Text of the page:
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Why Proximate Cause Causes Many Cases to Fail

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There are lots of reasons why cases fail in court. A major reason behind cases failing is due to “proximate cause.” For those that don’t know what this is, here’s a breakdown in the definition.

The goal of proximate cause is to show “but for” the action or omission or failure on the defendant’s part the accident would not have happened. Let’s say that a person buys a bike. Let’s say that the person who rides this bike gets into a wreck. Let’s say that person takes the defendant to court. This person needs to prove that defendant screwed things up.

There could be a spoke that bent. There could be piece in the bike that went missing. All of this proves there was a problem in the manufacturing. The proof needs to be there though. The law is very specific with this, especially Florida Law. You need to provide evidence that something was negligently omitted, thereby causing the bike to have issues or a defect.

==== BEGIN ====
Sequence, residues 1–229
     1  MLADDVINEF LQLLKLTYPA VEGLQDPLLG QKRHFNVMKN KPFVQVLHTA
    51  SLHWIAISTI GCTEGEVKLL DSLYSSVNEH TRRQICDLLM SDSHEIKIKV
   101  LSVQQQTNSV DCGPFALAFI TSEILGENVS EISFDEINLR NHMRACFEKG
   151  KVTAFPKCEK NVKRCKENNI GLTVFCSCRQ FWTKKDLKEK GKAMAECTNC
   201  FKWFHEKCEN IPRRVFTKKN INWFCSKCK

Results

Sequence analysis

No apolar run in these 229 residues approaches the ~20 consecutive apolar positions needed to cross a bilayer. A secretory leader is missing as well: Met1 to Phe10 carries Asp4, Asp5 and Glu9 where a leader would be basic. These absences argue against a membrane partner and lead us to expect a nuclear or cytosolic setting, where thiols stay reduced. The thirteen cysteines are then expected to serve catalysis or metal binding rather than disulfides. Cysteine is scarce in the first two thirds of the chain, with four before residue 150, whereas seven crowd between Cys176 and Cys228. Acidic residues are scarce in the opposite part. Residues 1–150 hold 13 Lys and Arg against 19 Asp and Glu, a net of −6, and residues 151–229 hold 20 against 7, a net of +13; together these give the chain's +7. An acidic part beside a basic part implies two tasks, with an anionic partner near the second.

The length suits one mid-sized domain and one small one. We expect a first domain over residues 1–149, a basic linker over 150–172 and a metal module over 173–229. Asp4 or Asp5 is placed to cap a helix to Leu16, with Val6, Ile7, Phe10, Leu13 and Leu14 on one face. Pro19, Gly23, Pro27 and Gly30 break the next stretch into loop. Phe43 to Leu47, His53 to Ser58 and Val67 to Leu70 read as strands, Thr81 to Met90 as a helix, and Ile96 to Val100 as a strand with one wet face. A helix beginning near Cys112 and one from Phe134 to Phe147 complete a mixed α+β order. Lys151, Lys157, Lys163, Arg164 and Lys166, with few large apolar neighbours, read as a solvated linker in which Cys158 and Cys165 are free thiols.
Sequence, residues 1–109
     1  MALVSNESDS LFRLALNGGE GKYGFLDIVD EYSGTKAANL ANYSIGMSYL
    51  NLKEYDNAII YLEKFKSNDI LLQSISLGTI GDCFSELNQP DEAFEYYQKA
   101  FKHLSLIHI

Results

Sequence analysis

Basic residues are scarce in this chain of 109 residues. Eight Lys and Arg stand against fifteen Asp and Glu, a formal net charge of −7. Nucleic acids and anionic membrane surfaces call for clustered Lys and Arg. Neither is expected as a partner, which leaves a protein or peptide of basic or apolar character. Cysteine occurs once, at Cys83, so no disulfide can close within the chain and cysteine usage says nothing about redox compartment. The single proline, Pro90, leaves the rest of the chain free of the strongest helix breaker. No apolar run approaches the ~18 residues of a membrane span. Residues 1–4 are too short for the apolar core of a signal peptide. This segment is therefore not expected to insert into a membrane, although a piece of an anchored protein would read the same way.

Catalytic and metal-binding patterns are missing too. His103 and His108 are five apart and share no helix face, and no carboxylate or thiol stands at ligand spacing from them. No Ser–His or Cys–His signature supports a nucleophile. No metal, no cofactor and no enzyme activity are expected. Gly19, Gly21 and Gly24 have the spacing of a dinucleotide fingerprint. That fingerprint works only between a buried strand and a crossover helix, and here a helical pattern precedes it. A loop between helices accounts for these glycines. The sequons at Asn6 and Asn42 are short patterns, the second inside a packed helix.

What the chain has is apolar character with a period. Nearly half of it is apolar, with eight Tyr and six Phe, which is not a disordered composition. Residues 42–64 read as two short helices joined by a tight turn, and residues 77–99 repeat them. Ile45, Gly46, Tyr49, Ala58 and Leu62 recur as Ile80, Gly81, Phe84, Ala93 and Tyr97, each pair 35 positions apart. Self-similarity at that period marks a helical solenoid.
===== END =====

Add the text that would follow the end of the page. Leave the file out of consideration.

There was a case like this which happened recently. Someone took a bike manufacturing company to court. The rider fell off the bike, due to carbon forks being used in the manufacturing. The rider leveraged that the company should have enclosed details about the way the bike was made and the carbon forks. The rider also said the company could have told them the potential risks over riding this bike.

In court the company spoke up about how they did include the details about the carbon forks used in the making of the bike. The company said they provide details of everything in all of their products. The rider claimed otherwise.

The court case was very difficult for both sides. In the end, though, the court did side with the rider. This just goes to show how difficult proximate cause is to prove.

Why is it so difficult?

There are a number of things which must be consider. For one, you must show that the failure to warn is the cause of the accident. This is not always the case. This is what makes it so problematic.

You also have to consider other things. Will a rider have the same issues when riding a similar bike, which was created a different way. Not everything is as black and white as they make it seem.

If you believe that you have had this issue or another like it, please contact Zimmerman & Frachtman today.

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